Empire strikes back

China Empire has more good grub than you can shake a bottle of soy sauce at.

China Empire has more good grub than you can shake a bottle of soy sauce at.

Photo By Heather Anderson

China Empire

3326 S McCarran Blvd.
Reno, NV 89502

(775) 824-0670

These July days are hot and long, and the last thing you want to do is cook. Baking is slow torture—you might as well be turning yourself on a spit. But you also don’t want to leave home. You’re enjoying the cool breeze that is (finally!) making its leisurely way across your back deck, and the idea of gussying up to go anywhere is simply overwhelming. You could eat last night’s leftovers. Or do cold cuts. But you want a little more, something spicy and savory and satisfying. Oh, and cheap. If you live in the area, you should try take-out from China Empire Chinese restaurant.

China Empire is an odd little place tucked away between a Goodwill drop-off and a dry cleaner in the Mira Loma shopping center complex. It is small—very small—and smells of grease and a few other things whose evasive names stubbornly remain on the tip of the tongue, unidentifiable and a bit heavy, yet not altogether unpleasant. There are a couple of tables, but I would not recommend eating there. Take-out is the way to go.

Ordering from the tiny establishment over the phone is sometimes tricky since language barriers can occasionally lead to misunderstandings. I’d recommend having a menu on hand and ordering by number, keeping the whole affair short and to the point. Approximately 30 minutes later, my husband or I will drive over and come home with those classic white Styrofoam boxes, dripping chunky juices that are not, granted, the healthiest, but are yummy nonetheless.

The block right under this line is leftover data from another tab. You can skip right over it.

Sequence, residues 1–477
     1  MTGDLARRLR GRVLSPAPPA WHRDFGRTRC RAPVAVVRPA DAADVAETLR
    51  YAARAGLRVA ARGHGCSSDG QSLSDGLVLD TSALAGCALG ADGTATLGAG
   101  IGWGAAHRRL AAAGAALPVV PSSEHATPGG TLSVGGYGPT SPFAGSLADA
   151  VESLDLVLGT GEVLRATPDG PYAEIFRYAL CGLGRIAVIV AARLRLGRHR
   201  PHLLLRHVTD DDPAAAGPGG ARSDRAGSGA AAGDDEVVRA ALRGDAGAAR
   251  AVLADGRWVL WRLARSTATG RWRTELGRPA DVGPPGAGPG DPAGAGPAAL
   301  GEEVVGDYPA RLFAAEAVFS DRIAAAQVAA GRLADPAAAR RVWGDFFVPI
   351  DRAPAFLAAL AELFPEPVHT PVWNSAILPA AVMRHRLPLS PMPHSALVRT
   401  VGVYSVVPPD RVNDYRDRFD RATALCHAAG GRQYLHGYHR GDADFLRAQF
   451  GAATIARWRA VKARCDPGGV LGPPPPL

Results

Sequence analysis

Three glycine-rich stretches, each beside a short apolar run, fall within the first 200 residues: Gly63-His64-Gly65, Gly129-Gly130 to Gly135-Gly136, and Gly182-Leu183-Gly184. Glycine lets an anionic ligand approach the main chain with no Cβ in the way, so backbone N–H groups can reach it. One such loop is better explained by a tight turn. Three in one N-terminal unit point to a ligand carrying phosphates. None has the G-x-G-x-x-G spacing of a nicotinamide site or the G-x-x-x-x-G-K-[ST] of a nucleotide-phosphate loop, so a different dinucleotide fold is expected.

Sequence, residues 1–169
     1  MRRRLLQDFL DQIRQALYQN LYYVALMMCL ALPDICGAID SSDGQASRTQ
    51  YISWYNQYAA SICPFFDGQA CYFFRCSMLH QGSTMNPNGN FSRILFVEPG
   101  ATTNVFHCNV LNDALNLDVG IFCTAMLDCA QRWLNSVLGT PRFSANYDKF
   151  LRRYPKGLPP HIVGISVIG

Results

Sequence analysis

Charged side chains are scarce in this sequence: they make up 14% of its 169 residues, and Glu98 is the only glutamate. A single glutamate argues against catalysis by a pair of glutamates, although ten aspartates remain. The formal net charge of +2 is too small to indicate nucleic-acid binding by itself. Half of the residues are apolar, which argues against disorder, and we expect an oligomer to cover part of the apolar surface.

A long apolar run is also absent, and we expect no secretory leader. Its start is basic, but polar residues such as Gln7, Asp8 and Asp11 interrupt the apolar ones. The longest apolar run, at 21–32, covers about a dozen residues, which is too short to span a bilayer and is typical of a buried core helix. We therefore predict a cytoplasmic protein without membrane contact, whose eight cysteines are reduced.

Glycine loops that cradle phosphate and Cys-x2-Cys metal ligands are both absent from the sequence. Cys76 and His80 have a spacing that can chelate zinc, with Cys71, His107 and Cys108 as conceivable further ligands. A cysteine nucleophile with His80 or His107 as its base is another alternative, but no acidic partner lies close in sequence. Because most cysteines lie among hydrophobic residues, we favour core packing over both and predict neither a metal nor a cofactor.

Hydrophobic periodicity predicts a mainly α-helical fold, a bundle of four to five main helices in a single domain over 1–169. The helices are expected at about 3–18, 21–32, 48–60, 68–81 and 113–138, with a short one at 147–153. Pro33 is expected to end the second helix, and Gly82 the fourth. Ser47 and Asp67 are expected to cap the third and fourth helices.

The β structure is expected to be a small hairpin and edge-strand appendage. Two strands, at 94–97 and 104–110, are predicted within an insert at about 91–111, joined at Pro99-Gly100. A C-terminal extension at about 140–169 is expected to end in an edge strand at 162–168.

My favorite dish is the hot and spicy shrimp ($8.25), which is, strangely, only available in quart size. But this doesn’t bother my family—we all dig in. You get a lot of food for a little money. Another favorite is the house special: General Tso’s chicken ($8.95 for the quart) with vegetable lo mein ($3.25 pint/$5.55 quart), which comes with a choice of roast pork or chicken ($3.75 pint) or shrimp or beef ($4.25 pint). There is also a house special lo mein ($4.75), the ingredients of which, to be honest, I am not completely certain. But it is good. China Empire offers a list of possible combination platters that all come with ham fried rice and egg rolls ($5.95 to $6.25). Lunch specials are from 11 a.m. to 3 p.m., Monday through Saturday and are served with steamed rice or ham fried rice ($4.25 or $4.75). The restaurant even does catering, and of course, every meal comes with a possibly prescient fortune cookie.

Essentially, the food is zesty and salty, and the veggies are usually still crunchy. It’s not fine dining, but it’s an inexpensive tummy stuffer and one that you don’t have to cook yourself. It’s basic-but-good, Americanized Chinese fare, and eaten on a hot summer night when the breezes are just beginning to roll in, it can be a simple yet gratifying pleasure.